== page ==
The U.K.'s biggest retirement plan by participants said it will back a climate resolution asking for France's Total SA to adopt a tougher stance on climate change at its annual shareholder meeting next week.
The resolution was brought by 11 European money managers last month, in another example of investors pressuring big oil to tackle environmental challenges. Since then, Total has set out bold commitments to eliminate most of its emissions by 2050, joining others such as Royal Dutch Shell and BP.
The French oil major's latest plan is a step in the right direction, but more needs to be done, said Katharina Lindmeier, responsible investment manager at the National Employment Savings Trust, London. Total should include additional measures on how it will curb pollution from energy products used by its customers — so-called Scope 3 emissions.
"This shareholder resolution calls for what we believe are vital next steps for Total — a more ambitious Scope 3 target that goes beyond regions where governments have already committed to net-zero emissions, and providing more information on how it'll help customers achieve these reductions," she said.
Total didn't immediately respond to a request for comment.
The retirement plan, known as NEST, was set up by the U.K. government in 2011 to ensure employers offer workplace plans to employees. It claims to be the country's biggest pension fund by participants — 9 million. It has £10.5 billion ($12.8 billion) of assets under management, of which about £12 million is invested in Total.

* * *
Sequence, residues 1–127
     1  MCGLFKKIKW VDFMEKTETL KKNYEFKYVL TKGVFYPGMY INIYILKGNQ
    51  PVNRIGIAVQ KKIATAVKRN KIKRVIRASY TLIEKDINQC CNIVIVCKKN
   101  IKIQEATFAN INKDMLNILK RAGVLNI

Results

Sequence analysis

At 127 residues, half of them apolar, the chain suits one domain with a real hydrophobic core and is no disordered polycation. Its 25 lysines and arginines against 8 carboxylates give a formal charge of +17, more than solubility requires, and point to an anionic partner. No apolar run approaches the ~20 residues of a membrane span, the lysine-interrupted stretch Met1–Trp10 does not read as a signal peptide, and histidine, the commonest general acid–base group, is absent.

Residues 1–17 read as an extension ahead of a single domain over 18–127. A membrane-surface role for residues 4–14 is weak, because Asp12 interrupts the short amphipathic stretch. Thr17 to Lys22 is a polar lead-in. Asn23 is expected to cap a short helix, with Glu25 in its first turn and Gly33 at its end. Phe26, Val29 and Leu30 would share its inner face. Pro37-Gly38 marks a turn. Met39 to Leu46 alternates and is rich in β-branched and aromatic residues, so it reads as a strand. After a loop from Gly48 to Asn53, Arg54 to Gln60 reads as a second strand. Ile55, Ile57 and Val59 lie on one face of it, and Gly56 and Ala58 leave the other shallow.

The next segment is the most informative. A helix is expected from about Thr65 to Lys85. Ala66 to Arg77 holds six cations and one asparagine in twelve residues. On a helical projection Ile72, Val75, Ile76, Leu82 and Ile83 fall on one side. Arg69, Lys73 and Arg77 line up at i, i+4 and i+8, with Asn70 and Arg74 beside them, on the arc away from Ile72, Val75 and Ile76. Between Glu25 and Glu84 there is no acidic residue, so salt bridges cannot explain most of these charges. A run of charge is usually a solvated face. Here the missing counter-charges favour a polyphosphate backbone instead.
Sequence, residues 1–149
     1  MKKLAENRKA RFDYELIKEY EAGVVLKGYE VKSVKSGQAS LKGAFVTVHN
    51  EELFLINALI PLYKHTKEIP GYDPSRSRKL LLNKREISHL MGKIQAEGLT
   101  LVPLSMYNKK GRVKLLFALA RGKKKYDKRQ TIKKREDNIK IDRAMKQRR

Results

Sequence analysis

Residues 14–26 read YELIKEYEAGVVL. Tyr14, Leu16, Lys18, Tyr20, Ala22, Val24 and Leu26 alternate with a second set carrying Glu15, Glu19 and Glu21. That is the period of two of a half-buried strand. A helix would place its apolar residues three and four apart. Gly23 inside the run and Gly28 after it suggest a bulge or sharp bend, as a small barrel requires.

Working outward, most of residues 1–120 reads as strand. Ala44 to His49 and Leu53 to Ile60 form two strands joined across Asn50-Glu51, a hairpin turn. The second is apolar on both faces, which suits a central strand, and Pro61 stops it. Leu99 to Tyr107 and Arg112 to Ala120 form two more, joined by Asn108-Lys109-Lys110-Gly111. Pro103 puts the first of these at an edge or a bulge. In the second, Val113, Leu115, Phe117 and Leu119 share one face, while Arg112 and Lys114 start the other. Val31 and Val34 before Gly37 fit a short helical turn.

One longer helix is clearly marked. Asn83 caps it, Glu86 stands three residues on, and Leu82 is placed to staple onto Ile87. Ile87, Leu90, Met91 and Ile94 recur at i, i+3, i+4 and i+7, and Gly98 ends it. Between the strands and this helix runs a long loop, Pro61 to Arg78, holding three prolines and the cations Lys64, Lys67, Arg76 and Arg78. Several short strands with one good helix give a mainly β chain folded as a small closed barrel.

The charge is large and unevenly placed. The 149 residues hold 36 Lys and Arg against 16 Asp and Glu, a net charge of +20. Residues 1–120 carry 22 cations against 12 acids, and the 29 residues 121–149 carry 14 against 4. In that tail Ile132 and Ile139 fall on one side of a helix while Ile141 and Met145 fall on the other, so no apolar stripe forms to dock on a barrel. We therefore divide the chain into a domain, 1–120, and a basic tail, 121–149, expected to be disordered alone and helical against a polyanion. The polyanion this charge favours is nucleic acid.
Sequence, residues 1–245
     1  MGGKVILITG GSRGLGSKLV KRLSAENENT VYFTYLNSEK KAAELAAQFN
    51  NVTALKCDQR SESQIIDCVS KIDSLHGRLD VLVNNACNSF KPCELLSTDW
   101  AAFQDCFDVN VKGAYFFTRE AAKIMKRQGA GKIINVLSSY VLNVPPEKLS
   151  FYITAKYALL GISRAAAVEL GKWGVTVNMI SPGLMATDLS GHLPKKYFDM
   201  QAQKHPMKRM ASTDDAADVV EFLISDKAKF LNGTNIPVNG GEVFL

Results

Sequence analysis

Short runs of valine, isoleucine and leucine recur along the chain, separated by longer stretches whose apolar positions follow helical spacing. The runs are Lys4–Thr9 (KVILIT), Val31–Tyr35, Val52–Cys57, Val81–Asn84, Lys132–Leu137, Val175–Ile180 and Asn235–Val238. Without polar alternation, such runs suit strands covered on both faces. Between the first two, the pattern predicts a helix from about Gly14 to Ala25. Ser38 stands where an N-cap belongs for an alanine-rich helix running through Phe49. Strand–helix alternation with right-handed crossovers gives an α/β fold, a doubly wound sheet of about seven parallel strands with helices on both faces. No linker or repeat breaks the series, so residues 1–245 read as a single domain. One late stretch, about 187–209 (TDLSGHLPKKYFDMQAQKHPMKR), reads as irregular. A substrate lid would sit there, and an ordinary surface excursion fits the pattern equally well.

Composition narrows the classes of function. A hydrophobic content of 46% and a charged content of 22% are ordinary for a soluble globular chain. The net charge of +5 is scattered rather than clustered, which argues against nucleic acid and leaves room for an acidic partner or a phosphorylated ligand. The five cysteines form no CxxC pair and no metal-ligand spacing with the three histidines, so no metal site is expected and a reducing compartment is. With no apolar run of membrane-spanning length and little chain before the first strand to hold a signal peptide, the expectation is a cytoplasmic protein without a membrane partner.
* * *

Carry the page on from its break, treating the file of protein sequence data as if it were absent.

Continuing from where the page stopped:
It is also a signatory of Climate Action 100 Plus, a group of investors who together manage about $40 trillion of assets and has forced companies to put sustainability at the heart of their business models.
"This is a great show of support from Nest, which we hope will encourage its peers to vote similarly," said Jeanne Martin, campaign manager at non-profit group ShareAction, which helped file climate-related resolutions at companies such as Barclays.
Total is seeking net-zero emissions from its own worldwide operations, known as Scope 1 and 2, by 2050 or sooner. It's targeting Scope 3 neutrality in Europe by that year or earlier. The company also wants to cut the average carbon intensity of energy products used worldwide by its customers by at least 60% by 2050, with intermediate steps of 15% by 2030 and 35% by 2040.
It plans to spend 20% of its capital expenditure on low-carbon electricity by 2030, up from 10% currently.
While the major European oil companies have set bold targets, the Transition Pathway Initiative — which assesses a company's readiness to move to a low-carbon economy — earlier this month warned net-zero claims are overstated and not enough was being done to meet the goals of the Paris climate agreement.
Total's annual general meeting is scheduled on May 29.